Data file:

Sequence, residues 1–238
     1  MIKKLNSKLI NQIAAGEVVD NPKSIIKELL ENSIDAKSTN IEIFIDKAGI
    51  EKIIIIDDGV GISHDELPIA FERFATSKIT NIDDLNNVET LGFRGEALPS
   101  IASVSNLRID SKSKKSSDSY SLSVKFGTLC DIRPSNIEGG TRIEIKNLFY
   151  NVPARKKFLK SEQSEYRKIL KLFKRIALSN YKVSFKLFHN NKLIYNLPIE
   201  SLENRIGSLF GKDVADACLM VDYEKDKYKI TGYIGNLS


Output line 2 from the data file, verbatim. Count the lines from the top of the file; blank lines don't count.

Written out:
     1  MIKKLNSKLI NQIAAGEVVD NPKSIIKELL ENSIDAKSTN IEIFIDKAGI